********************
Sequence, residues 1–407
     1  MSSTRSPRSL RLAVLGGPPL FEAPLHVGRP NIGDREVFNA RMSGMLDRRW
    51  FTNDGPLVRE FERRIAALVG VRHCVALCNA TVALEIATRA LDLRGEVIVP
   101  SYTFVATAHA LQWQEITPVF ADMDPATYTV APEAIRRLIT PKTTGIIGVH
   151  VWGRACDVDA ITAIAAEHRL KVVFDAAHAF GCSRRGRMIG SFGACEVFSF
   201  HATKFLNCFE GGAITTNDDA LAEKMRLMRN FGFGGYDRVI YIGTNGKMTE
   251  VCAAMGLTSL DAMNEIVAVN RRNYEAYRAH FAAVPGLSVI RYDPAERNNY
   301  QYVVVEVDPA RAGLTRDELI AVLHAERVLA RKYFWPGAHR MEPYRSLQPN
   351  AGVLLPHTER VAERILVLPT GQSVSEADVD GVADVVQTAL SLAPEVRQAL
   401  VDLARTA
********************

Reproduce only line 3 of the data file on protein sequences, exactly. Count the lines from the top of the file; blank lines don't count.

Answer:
    51  FTNDGPLVRE FERRIAALVG VRHCVALCNA TVALEIATRA LDLRGEVIVP